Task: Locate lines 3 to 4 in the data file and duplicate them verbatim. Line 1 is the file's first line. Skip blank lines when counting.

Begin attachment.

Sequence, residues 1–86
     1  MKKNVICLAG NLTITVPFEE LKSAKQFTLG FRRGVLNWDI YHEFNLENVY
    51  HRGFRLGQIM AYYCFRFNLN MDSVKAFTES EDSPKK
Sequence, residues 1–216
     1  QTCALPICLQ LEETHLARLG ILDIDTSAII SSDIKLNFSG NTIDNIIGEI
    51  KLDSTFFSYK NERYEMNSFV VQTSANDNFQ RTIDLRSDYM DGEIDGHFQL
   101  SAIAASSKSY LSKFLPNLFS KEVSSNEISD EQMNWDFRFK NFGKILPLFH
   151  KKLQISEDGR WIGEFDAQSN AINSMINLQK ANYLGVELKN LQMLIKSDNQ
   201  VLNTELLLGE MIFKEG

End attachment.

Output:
    51  HRGFRLGQIM AYYCFRFNLN MDSVKAFTES EDSPKK
Sequence, residues 1–216